Teachers Union Sues To Keep All Lesson Plans SECRET

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The United Federation of Teachers, the New York City branch of the American Federation of Teachers, has filed a lawsuit asking a judge to rule that teachers — and teachers alone — have the authority to make lesson plans for children in taxpayer-funded public schools.

The case was filed late last week in the Manhattan Supreme Court (which is actually the lowest-level court), according to

The union is staking its claim on a decision by an arbitrator last May. The arbitrator, Deborah Gaines, concluded that all teachers must create lesson plans but that “the specifics of the plan will be left to the professional judgment of the teacher.”

In her arbitration decision, Gaines denied a request by the United Federation of Teachers to prevent principals and other school officials from reviewing the lesson plans of individual teachers.

At the time, representatives from the New York Department of Education warned that teacher oversight is vital. Insufficient supervision from school officials “would, in fact, diminish the professionalism of teachers,” they argued, according to the New York Post. Also, any teacher who “merely strung together a list of song titles” could call it a lesson plan.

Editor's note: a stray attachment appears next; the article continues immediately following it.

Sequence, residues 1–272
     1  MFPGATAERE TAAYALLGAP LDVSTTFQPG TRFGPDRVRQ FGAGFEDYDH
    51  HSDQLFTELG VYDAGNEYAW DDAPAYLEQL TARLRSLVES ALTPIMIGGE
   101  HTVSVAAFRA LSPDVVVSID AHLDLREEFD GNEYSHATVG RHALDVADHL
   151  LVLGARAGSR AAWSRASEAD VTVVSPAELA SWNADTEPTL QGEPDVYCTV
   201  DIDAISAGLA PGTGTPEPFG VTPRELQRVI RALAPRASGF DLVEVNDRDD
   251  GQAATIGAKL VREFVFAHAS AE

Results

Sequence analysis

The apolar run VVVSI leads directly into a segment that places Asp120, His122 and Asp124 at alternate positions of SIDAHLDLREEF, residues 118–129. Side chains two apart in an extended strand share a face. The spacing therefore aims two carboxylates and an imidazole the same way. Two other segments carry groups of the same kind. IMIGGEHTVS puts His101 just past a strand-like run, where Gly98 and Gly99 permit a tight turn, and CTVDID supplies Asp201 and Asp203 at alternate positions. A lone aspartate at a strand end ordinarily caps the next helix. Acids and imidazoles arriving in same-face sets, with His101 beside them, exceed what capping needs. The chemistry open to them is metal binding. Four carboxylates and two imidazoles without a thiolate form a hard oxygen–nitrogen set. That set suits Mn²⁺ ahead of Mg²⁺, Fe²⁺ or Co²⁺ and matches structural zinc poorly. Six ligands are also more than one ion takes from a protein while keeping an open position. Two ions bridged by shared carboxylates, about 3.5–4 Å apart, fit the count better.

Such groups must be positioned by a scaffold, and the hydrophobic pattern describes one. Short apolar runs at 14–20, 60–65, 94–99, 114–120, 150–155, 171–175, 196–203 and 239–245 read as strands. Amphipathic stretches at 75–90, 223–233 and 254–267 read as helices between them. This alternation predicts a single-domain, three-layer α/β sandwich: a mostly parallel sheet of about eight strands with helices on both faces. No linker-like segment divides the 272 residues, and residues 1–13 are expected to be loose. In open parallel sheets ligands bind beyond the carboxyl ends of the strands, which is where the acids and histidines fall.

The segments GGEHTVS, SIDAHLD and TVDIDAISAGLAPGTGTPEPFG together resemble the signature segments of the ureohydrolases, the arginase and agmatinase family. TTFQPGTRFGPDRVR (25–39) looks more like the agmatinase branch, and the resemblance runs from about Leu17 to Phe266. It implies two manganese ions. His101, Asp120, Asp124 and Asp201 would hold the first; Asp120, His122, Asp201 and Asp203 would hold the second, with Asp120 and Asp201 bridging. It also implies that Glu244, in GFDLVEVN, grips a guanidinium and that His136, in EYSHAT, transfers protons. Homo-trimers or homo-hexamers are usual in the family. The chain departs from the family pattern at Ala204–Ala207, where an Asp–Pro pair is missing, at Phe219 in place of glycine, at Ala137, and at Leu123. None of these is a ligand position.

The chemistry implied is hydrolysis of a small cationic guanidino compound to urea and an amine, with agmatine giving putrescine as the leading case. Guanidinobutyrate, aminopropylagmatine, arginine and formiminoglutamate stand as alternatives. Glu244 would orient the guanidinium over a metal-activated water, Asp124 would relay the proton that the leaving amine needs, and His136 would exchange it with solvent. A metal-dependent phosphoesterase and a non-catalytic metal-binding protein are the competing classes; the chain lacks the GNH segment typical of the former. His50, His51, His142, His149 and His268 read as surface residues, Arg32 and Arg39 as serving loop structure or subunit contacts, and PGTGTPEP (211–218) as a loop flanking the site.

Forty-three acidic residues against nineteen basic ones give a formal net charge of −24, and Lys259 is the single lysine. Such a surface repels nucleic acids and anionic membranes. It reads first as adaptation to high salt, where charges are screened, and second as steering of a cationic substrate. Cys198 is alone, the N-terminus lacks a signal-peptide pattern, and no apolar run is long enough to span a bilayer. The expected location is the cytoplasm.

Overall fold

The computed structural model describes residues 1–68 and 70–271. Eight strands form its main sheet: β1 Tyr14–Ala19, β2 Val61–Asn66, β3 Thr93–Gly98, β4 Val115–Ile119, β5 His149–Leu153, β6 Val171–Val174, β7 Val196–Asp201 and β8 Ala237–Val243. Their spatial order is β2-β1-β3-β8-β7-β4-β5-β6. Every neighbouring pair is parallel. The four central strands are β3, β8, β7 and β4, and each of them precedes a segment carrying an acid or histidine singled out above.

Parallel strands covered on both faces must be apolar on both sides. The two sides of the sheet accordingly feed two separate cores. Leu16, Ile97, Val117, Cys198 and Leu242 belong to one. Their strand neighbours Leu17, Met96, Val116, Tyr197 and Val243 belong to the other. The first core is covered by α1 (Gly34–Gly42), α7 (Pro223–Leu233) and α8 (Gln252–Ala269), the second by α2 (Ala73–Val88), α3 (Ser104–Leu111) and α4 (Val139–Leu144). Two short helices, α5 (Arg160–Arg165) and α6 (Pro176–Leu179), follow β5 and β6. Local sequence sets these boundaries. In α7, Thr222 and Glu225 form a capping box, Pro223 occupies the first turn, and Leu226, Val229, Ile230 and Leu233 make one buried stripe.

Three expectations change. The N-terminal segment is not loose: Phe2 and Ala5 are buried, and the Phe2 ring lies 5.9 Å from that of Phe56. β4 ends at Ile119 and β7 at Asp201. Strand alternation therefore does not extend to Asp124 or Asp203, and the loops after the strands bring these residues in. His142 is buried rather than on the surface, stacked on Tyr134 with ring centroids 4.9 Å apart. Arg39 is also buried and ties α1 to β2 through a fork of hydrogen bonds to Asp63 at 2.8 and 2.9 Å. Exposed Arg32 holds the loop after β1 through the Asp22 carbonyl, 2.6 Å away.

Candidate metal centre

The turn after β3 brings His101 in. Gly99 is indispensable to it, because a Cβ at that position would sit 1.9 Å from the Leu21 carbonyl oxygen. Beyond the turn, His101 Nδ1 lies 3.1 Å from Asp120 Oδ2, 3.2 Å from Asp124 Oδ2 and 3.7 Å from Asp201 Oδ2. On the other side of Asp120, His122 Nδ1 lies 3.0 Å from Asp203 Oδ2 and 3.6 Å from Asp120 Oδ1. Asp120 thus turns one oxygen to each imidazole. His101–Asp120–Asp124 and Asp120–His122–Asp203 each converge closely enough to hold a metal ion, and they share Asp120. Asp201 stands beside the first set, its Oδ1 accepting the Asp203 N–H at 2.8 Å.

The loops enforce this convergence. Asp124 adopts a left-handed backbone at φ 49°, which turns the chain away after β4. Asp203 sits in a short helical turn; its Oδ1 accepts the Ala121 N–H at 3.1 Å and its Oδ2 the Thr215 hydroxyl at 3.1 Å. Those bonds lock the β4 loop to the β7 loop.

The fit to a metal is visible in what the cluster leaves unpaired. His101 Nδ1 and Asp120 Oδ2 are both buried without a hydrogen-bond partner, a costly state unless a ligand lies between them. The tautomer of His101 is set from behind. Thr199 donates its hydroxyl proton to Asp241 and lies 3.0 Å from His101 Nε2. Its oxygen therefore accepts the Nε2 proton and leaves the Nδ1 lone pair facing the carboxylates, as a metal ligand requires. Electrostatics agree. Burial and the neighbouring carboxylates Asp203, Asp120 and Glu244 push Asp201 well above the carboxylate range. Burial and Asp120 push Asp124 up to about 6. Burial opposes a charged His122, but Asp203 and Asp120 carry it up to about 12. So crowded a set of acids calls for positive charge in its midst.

Several education advocacy groups have criticized the latest litigation.

“It’s outrageous that teachers believe they don’t need to share their lesson plans with the principal beforehand,” Mona Davids, president of the New York City Parents Union, told the Post. “How is a principal supposed to ensure students are receiving a high-quality education?”

Jenny Sedlis, executive director of StudentsFirstNY, agreed.

“This lawsuit is union boss Mike Mulgrew’s latest attempt to gum up the works at the expense of our kids,” Sedlis told the broadsheet. “The only reason for this frivolous legal action is to protect the poorly performing teachers who don’t properly plan and aren’t serving our kids well.”

Lindsey Burke of the Heritage Foundation also chimed in.

“In any other business, it would be considered par for the course for a supervisor to request to see an employee’s work product,” Burke told EAGNews. “This is no different.”

Mulgrew, the president of the United Federation of Teachers, is most famous for uncorking a clownishly hateful rant against critics of the Common Core Standards Initiative at a union convention in July.

“If someone takes something from me, I’m going to grab it right back out of their cold, twisted, sick hands and say it is mine!” the bald, menacing Mulgrew bellowed. “You do not take what is mine!”

The union boss also challenged opponents to a fight.

“I’m going to punch you in the face and push you in the dirt because this is the teachers’!” he threatened. (VIDEO: This Teachers Union President Will ‘PUNCH YOU IN THE FACE’ If You Don’t Like Common Core)

Mulgrew defended the union’s position on bureaucratic grounds. Teachers who have total authority over their lesson plans “helps to reduce the amount of paperwork ­required of teachers,” he told the Post.

School principals in New York City have their own union. For the time being, the principals union has not challenged the lawsuit because principals currently have legal access to teachers’ lesson plans.

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Eric Owens